Dungeon Master's Guide 5E

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each is ruled by a council of drow high priestesses who
answer to Lolth, the Demon Queen of Spiders.
Meritocracy. The most intelligent and educated
people oversee the society, often with a bureaucracy
to handle the day-to-day work of government. In the
Forgotten Realms, scholarly monks preside over the
fortress-library of Candlekeep, overseen by a maste r of
lore called the Keeper.
Militocracy. Military leaders run the nation under
martial law, using the army and other armed forces. A
militocracy might be based on an elite group of soldiers,
an order of dragon riders, or a league of sea princes.
olamnia, a nation ruled by knights in the Dragonlance
campaign setting, falls into this category.
Monarchy. A single hereditary sovereign wears the
crown. Unlike the autocrat, the monarch's powers are
limited by law, and the rule r serves as the head of a
democracy, fe udal state, or militocracy. The kingdom
of Breland, in the Eberron campaign setting, has both
a parliament that makes laws and a monarch who
enforces the m.
Oligarchy. A small number of absolute rulers share
power, possibly dividing the land into districts or
provinces unde r their control, or jointly ruling together.
_.\group of adventurers who take control of a nation
together might form an oligarchy. The Free City of
Greyhawk is an oligarchy composed of various faction
le aders, with a Lord Mayor as its figurehead.
Plutocracy. Society is governed by the wealthy. The
e lite form a ruling council, purchase representati"on at
rhe court of a figurehead monarch, or rule by default
because money is the true power in the realm. Many
cities in the Forgotten Realms campaign setting,
in cluding Waterdeep and Baldur's Gate, are plutocracies.
Republic. Government is entrusted to representatives
of an established electorate who rule on behalf of the
electors. Any democracy in which only landowners or
certain classes can vote could be considered a republic.
Satrapy. Conquerors and representatives of another
governme nt wield power, ruling the settlement or region
as part of a large r empire. The satraps are bureaucrats
and military officers, or unusual characters or monsters.
The cities of High port and Suder ham in the Greyhawk
ca mpaign setting are satrapies controlled by agents of a
,·icious gang of marauders known as the Slave Lords.
Theocracy. Rulership falls to a direct representative
or a collection of agents of a deity. The centers of power
in a theocracy are usually located on sacred sites. In
th e Eberron campaign setting, the nation of Thrane is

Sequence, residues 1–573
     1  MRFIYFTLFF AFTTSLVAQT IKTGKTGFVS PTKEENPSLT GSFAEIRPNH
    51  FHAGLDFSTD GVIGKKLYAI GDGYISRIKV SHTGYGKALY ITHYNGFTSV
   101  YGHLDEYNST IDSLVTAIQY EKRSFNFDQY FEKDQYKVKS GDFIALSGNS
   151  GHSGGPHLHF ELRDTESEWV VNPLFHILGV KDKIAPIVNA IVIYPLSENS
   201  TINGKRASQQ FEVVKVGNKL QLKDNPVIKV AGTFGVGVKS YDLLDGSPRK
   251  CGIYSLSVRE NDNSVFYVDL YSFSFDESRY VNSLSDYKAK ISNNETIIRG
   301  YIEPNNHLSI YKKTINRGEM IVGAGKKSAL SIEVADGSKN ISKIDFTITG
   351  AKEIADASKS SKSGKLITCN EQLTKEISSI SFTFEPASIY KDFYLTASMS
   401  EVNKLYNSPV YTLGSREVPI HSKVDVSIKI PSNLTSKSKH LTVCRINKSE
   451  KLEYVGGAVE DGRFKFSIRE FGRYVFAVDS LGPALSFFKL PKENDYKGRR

a theocracy devoted to the Silver Flame, a divine spirit
th at resides in Thrane's capital of Flamekeep.

Rank Title Rank Title
1st Emperor/Empress 7th Viscount/
2nd King/Queen Viscountess
3rd Duke/Duchess 8th Baron/Baroness
4th Prince/Princess 9th Baronet
5th Marquess/Marquise lOth Knight
6th Earl or Count/

Even small villages can provide characters access to the
gear they need to pursue the ir adventures. Provisions,
tents, backpacks, and simple weapons are commonly
available. Traveling merchants carry armor, martial
weapons, and more specialized gear. Most villages have
inns that cater to travelers, where adventurers can find
a hot meal and a bed, even if the quality le aves much to
be desired.
Villages rely heavily on trade with other settlements,
including larger towns and cities. Merchants pass
through regularly, selling necessities and luxuries to the
vil,Iagers, and any successful merchant has far-reaching
contacts across the region. Traveling merchants pass
on gossip and adventure hooks to the characters as
they conduct their business. Since merchants make
their living traversing roads that might be menaced
by bandits or wandering monsters, they hire guards to
keep their goods safe. They also carry news from town
to town, including reports of situations that cry out for
the attention of adventurers.
These merchants can't provide the services normally
found in a city. For instance, when the characters are in
need of a library or a dedicated sage, a trainer who can
handle the griffon eggs they've found, or an architect to
design their castle, they'r e better off going to a large city
than looking in a village.

The straightforward terms "gold piece" (gp), "silver
piece" (sp), "copper piece" (cp), "electrum piece" (ep),
and "platinum piece" (pp) are used throughout the game
rules for clarity. You can imbue these denominations
with more interesting descriptions in your game
world. People give coins specific names, whether
as plain as "dime" or lively as "gold double-eagle." A
country typically mints its own currency, which might
correspond to the basic rules terms. In most worlds, few
currencies achieve widespread distribution, but nearly
all coins are accepted worldwide-except by those
looking to pick a fight with a foreigner.

The world of the Forgotten Realms provides an
extensive example of currencies. Although barter,
blood notes, and similar letters of trade are common
enough in Faerfin, metal coins and trade bars are the
everyday currency.
Common Coinage. Coins appear in a bewildering
variety of shapes, sizes, names, and materials. Thanks
to the ambitious traders of Sembia, that nation's oddly
shaped coins can be found throughout Faerfin. In
S embia, square iron steelpence replace copper coins.
Triangular silver pieces are ravens, diamond-shaped
electrum pieces are harmarks (commonly called "blue
eyes"), and five-sided gold pieces are nobles. Sembia
doesn't mint platinum coins. All coinage is accepted
in Sembia, including copper and platinum pieces
from abroad.
In Waterdeep, the bustling cosmopolitan center
of trade, coppers are called nibs, silvers are shards,

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